Claire Ambler

by Booth Tarkington. Garden City: Doubleday, Doran & Co. 1928. 12mo. viii+253 pp. $2.50.
IF one wished to be alliterative, one might say that each of Mr. Tarkington’s novels improves in skill but not in scope. Never has he written better than in Claire Ambler, never written with such precision without being a precisian, never with a finer ease and economy produced so exactly the effect he wished to produce. The book is, however, a single portrait, rather than a picture of Society, and several of the characters seem a little made-up instead of being created. But Claire herself is superbly drawn.
People are saying that the book is the portrait of a flapper. And of course it is, but only in the sense that the type has always existed, and in men as well as women. Claire has the clothes, manners, and methods of a certain kind of girl of to-day, but at bottom she is sister to all the coquettes of all the ages. And that means as Mr. Tarkington is almost too careful to explain — that she is gifted or afflicted with an instinctive sense of drama or histrionism, like Richard II and Mr. Micawber and Cleopatra and Eustacia Vye and — well, almost any human being one may choose to name. Claire happens to be feminine and pretty and kind-hearted, and her creator happens to have been more interested in comedy than tragedy; but the trait which she exhibits and he studies is so nearly universal that everyone understands it and secretly condones it. Claire has no malice, never wishes to be cruel: she is as lovable as a kitten. But, like a kitten, she simply cannot help acting. Even when she wishes most to be sincere, her instinct for the occasion steps in front of her desire and she presents a charming or arresting posture or pantomime quite as surprising to herself as disturbing to her companion. Anyone who has never done something of the same sort must be either a very single-minded or a very simple person.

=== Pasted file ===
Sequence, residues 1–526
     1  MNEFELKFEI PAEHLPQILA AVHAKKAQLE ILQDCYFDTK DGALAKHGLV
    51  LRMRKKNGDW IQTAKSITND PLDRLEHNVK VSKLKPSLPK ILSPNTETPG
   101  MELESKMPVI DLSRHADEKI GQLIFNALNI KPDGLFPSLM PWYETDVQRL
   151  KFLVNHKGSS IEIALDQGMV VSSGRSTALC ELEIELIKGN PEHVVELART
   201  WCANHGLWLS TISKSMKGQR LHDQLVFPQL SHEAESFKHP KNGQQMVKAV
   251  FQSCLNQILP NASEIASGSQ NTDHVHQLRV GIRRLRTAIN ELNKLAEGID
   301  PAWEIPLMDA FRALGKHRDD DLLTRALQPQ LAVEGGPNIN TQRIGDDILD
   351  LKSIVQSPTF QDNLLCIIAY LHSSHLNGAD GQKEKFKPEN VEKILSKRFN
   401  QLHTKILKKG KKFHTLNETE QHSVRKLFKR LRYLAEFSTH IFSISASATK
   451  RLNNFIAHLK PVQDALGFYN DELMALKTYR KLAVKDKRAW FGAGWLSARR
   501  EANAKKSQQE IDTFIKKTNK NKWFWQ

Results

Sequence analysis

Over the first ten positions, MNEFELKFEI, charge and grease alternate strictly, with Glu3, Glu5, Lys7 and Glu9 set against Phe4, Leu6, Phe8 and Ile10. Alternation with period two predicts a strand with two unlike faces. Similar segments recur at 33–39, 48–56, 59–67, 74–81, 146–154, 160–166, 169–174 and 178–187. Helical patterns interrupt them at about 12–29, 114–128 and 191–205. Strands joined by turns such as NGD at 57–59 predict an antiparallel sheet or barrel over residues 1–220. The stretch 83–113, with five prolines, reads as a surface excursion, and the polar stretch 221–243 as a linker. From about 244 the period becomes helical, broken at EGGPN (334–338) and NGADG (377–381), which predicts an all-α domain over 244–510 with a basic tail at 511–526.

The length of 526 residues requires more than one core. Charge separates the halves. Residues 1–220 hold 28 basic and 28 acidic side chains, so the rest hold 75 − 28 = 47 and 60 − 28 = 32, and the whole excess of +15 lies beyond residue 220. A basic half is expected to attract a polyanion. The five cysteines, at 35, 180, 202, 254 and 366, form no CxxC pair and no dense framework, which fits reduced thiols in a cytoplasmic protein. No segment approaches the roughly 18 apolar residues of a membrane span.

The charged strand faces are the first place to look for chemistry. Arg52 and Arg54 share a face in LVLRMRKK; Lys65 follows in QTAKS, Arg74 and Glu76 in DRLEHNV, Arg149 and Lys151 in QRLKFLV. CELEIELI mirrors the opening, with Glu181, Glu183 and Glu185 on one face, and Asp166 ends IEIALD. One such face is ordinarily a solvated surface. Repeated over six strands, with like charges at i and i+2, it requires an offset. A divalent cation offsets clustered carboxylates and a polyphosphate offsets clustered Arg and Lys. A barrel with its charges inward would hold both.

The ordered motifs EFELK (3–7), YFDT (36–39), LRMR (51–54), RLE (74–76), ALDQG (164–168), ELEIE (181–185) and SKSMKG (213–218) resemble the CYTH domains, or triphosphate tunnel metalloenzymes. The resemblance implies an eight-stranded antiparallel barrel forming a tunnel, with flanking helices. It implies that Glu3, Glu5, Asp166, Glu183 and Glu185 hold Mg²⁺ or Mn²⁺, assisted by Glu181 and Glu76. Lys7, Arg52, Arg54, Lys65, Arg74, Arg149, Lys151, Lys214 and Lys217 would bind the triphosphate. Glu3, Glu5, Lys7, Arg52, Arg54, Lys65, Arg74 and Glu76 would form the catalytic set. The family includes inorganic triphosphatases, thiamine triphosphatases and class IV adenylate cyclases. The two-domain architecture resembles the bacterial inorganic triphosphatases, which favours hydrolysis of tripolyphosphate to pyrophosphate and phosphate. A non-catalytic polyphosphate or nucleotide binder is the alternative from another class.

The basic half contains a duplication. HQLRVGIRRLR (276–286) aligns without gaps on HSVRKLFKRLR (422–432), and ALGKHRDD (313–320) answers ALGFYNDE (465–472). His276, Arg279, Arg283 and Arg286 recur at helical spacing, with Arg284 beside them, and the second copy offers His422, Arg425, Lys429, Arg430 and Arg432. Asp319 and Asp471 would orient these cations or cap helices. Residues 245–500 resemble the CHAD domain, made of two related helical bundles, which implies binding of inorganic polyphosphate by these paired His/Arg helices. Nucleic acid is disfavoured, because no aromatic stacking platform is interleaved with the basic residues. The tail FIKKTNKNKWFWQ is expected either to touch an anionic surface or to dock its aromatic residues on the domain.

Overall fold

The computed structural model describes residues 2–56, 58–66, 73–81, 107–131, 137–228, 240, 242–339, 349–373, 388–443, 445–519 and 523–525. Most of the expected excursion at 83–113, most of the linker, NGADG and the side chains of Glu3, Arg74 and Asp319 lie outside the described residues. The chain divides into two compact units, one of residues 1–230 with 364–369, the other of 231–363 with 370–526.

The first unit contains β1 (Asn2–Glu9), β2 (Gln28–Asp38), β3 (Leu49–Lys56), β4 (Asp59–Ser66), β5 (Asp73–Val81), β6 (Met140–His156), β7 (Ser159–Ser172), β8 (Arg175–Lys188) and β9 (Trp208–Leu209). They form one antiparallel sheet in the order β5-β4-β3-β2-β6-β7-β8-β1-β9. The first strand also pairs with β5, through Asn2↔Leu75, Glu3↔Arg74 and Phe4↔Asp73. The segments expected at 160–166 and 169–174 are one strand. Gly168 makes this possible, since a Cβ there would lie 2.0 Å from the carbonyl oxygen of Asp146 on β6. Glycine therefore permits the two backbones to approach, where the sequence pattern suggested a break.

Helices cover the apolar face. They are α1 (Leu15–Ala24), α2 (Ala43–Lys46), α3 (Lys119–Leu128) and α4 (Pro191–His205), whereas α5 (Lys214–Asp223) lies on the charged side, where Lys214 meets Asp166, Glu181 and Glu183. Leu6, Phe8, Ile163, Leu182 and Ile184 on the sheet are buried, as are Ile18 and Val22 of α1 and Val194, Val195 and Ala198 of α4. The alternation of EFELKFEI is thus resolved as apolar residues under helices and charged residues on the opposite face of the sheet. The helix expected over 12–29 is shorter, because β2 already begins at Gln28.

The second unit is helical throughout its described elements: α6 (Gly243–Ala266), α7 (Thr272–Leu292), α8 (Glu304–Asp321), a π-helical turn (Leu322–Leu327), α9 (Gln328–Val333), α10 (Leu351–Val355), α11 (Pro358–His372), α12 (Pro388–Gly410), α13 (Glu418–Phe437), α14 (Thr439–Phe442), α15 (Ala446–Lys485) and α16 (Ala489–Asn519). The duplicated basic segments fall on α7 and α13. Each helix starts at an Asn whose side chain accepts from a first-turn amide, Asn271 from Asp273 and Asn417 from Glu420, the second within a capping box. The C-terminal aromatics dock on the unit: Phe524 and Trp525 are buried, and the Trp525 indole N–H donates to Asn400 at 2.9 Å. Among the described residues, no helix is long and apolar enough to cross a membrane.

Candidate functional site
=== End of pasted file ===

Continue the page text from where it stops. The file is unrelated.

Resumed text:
In Part I, Claire is presented, at the age of eighteen, in a scene pleasantly recalling many another in Seventeen or Gentle Julia. Her young lover here, Nelson Smock, disappears henceforth from the story, but he serves as a kind of human litmus paper to show Claire’s particular quality and, moreover, to bring about in Claire what the author calls the birth of thought. At the close of the incident, she for the first time realizes that her instinctive and unaccommodated egoism leads her to do things that her intelligence disapproves of.
The second and longest section of the novel exhibits the struggle between her two selves. The scene is southern Italy; the test cases for the exhibition of her psychology being a noble young Italian and an invalid Englishman who is slowly dying. The conflict between her sense of drama and her sense of honesty is skillfully illustrated in incident, and she returns to America for the time being enlightened and sobered. Part III contains an acute study of the feelings of a young woman facing spinsterhood and ends with Claire’s marriage. The last words of the book once more point the theme of the whole: ‘She was uplifted with the happiness of a great reassurance; once more she knew that she had forgotten herself and remembered him.'
The novel is a delightful comedy. Claire might be described as a fancy skater on thin ice. We are very glad that she never goes through.